Tip: Leftover ground turkey, chicken or pork mixed with sage, salt, pepper and brown sugar makes delicious sausage-style breakfast patties.


Worth the Splurge

1. Cold-pressed extra-virgin olive oil

You only need a small bottle of luscious extra-virgin olive oil because a little goes a long way. Drizzle it over salads, pastas or pizzas right before serving, or pour a little in a saucer as a dip for crusty bread. Heat can damage this oil’s delicate, fruity taste, so don’t cook with it—canola or another vegetable oil suitable for high heat is better for that task.

Tip: To keep your extra-virgin olive oil at its peak, store the bottle in a cool, dark place away from the stove.


2. Real vanilla extract
Real vanilla extract is worth the splurge for its intense aroma and flavour. By contrast, inexpensive artificial vanilla doesn’t have the same sweet boldness and can leave a bitter aftertaste. In addition to using it in cakes and cupcakes, you can mix real vanilla extract into French toast batter, add a drop to brewed coffee for a vanilla-infused morning cup of joe, or pour a capful into a pot of porridge sweetened with maple syrup. When used just a little at a time, even a small bottle can last for months.

Tip: Add a drop (or more, to taste) to plain yogourt, stir well and top with fresh fruit for a quick dessert.


3. Maple syrup
Authentic maple syrup from Canadian maple trees has no equal. It’s homegrown, naturally sweet, pours easily and makes for a rich, flavourful finish, whether it’s drizzled on pancakes or over fried chicken and waffles. You can add it to cocktails for a stylish twist, mix it with sriracha for a sweet and spicy dipping sauce, or blend a little into whipped cream for a maple-infused dessert topping.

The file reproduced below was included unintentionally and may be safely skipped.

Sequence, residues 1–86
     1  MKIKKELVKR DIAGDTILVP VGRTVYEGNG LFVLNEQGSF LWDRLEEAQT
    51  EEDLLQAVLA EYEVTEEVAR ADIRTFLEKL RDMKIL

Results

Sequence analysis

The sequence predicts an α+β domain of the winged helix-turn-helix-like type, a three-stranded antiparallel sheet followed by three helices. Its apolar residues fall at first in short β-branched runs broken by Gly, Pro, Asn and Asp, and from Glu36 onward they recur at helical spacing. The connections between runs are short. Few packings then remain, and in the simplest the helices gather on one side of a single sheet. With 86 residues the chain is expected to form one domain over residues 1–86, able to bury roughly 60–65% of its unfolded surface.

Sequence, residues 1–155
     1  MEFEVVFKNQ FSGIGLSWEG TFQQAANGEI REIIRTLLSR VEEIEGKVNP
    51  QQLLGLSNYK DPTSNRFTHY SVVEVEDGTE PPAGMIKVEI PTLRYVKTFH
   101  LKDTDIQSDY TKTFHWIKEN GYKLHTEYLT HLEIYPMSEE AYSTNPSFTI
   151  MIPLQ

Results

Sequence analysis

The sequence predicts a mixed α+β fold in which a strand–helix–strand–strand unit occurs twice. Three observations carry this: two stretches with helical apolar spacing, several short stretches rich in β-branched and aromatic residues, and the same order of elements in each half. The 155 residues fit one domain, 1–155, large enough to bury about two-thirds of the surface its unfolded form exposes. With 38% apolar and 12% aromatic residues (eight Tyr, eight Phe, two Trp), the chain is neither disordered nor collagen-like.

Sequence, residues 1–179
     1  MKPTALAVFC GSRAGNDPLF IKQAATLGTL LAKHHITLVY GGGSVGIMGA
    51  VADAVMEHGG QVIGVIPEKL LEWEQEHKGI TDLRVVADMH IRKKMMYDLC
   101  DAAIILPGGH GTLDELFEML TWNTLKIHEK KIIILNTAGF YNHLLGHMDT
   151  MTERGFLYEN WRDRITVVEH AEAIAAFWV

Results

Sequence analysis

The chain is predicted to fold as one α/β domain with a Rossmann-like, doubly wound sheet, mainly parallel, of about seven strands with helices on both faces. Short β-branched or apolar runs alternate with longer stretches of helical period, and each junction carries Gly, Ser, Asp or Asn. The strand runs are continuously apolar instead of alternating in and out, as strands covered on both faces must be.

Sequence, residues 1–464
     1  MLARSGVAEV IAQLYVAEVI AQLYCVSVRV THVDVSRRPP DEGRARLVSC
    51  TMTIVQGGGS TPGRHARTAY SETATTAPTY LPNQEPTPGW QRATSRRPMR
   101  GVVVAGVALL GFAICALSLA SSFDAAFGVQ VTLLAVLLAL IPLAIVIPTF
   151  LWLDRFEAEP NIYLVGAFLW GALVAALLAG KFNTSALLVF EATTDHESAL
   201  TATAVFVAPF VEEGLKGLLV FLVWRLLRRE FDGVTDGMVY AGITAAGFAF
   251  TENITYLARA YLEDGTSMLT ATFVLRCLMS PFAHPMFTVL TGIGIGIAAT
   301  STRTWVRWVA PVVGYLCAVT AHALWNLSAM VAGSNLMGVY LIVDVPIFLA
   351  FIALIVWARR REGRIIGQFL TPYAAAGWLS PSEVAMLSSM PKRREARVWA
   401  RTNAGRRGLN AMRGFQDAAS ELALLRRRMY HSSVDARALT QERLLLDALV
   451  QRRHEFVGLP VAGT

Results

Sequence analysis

Tip: Use maple syrup as the secret ingredient in salad dressings or glazes for grilled chicken to add depth of flavour.


4. Coconut oil
Solid and white at room temperature and clear when melted, coconut oil is a worthwhile purchase, given its flexibility and long shelf life, not to mention its slightly sweet and mildly nutty flavour. Use it in stir-fries and curries that include coconut milk. In baking, it can be used in place of vegetable oil or butter to impart a slight coconut flavour. (For best results, look for recipes that call for coconut oil.) It also has a high smoking point, so it’s suitable for sautéeing and frying.

Tip: Store coconut oil in a cool spot to prevent it from melting (as it would near a stove) and re-solidifying, which will reduce its shelf life.


5. Cheese

Full of flavours and textures that range from salty, crumbly and pungent to sweet, creamy and mild, cheese is an indulgence that satisfies with even the smallest amount. Whether it’s shavings of Parmigiano-Reggiano on an arugula salad, slices of aged Canadian cheddar in a grilled cheese sandwich or a selection of hard and soft cheeses served at a cocktail party, it’s hard to beat the unique savouriness of cheese.

Tip: Baked dishes like macaroni and cheese, lasagna or gratin don’t require pricey artisanal cheeses. Save the luxe varieties for when you can really delight in each bite, like on a cheese platter or as a garnish.